Why I won’t return to APC

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Why I won’t return to APC

Why I won’t return to APC —Ize-Iyamu

Pastor Osagie Ize-Iyamu was the South-South vice chairman of the defunct Action Congress of Nigeria (ACN). He played a key role in its merger with other parties in forming the All Progressives Congress (APC). The former Secretary to the State Government (SSG) in Edo State, however, dumped the APC for his old party, the Peoples Democratic Party (PDP), in 2014. The man who was the coordinator of Goodluck Jonathan Campaign Organisation in Edo State,  speaks with BANJI ALUKO  on various political issues. Excerpts:

 

You must have been taken aback by the defeat of your party, the Peoples Democratic Party (PDP) at the national and state levels. What do you think led to the defeat?

We didn’t quite lose in Edo State. You will recall that the presidential and National Assembly elections came first before the governorship and state assembly elections. If you look at it, we had four elections in Edo State. We won the presidential, the senatorial and that of the House of Representatives, while we lost the House of Assembly election.

Overall, we lost the presidency, but in Edo, we recorded 58 per cent. I must tell you that it was not a bad result. Anyone who looks at the Edo election will agree with me that it was keenly contested. Don’t forget that the PDP was in the opposition. In fact, the leadership of the PDP in Abuja, in their own permutations, had thought that we would only be able to meet up with 25 per cent. They did not really believe that we will win. Out of the three senate seats, we won two. In the House of Representatives election, we won five out of nine.

Two weeks later, during the House of Assembly election, we were defeated as we were only able to win three seats out of 24. Of course, this was due to bandwagon effect; the disillusion and the disappointment arising from the loss of the presidency, which was unexpected.

So, in Edo State, it was not a bad result for the PDP. The disappointment came from the North and it is clear to me that the PDP underestimated the feeling in the North. The vote that came from the North showed grand conspiracy, but it also showed that it was not an issue of which party; it was a matter of getting power back by all means. The elections have come and gone, but there is a lot of lessons to draw from it.

 

It appears the PDP has not remained the same since the loss of the election. Do you think it can put its house in order between now and the next governorship election in Edo State next year?

There is no doubt that there is a lot of blame game going on. If we actually want to be candid, we cannot be too surprised about what happened. APC capitalised on the mistakes of the PDP. Apart from the fact that Nigerians simply wanted change, PDP committed a lot of blunders. How can you allow five governors to leave your party in one day? How can you allow National Assembly members to leave your party in one day? There was a lot of impunity during the primaries. Look at a state like Benue where a serving minister was denied the governorship ticket under questionable circumstances. The former national chairman of the party, Barnabas Gemade, was also denied a return ticket to Senate. APC gave tickets to them.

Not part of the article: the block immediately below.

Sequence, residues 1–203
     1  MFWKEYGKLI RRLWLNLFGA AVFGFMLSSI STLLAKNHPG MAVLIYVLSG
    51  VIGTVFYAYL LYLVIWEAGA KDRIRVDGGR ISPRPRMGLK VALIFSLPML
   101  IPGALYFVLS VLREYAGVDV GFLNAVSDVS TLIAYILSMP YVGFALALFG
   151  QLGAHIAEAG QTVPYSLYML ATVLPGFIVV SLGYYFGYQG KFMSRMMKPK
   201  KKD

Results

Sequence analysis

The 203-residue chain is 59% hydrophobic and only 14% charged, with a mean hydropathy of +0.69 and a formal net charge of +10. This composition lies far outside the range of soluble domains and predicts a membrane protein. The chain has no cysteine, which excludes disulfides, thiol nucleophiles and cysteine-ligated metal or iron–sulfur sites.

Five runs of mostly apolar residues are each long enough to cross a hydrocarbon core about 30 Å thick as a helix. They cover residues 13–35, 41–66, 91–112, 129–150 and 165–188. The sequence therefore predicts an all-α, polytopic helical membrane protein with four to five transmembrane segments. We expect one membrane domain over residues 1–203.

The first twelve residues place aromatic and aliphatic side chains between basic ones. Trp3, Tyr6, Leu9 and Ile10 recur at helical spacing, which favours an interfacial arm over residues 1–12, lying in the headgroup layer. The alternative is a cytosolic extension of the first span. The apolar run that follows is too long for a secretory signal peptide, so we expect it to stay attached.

If you look around, you would see litany of these kinds of situation. There is also no doubt that the leadership of the party mismanaged a lot of events before the election. It is not enough to blame the president’s managers. Some of the things that happened were before the campaign. For example, those who wanted to contest against the president should have been allowed to do so. The party was already poised to allow the president to contest a second term, but why must we tell the whole world that we do not tolerate opposition within?

So, quite a lot of mistakes were made.

Therefore, when you lose election in that kind of disgraceful manner, you don’t need to announce that people should reason; people do. In England, you had a keenly contested election, but the Labour leader resigned. Even the Liberal Democrats’ leader, Nick Clegg, resigned. You don’t need anyone to force you to resign. I think we must learn to be a bit more civilised in our handling of issues. If you are given a position, you can enjoy the glamour while it lasts, but then, if you are not able to deliver on the expectations of the people who put you there, it is also honourable to give way for those who can do it.

 

What about the governorship ambition you had in the APC; did you bring it to the PDP?

The problem we have at all times is that we tend to put the cart before the horse. At a time when we should sit back to reflect on why we lost and start the rebuilding process, how can one begin to talk about ambition? The more we put ambition first, the more we push aside serious efforts.